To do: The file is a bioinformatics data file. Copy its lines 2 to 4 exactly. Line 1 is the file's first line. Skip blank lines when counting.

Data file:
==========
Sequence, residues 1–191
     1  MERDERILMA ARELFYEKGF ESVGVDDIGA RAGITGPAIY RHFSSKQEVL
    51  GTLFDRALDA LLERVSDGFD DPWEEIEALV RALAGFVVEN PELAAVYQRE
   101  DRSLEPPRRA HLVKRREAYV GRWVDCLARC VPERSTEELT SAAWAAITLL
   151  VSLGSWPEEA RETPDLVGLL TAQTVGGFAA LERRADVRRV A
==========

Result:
     1  MERDERILMA ARELFYEKGF ESVGVDDIGA RAGITGPAIY RHFSSKQEVL
    51  GTLFDRALDA LLERVSDGFD DPWEEIEALV RALAGFVVEN PELAAVYQRE
   101  DRSLEPPRRA HLVKRREAYV GRWVDCLARC VPERSTEELT SAAWAAITLL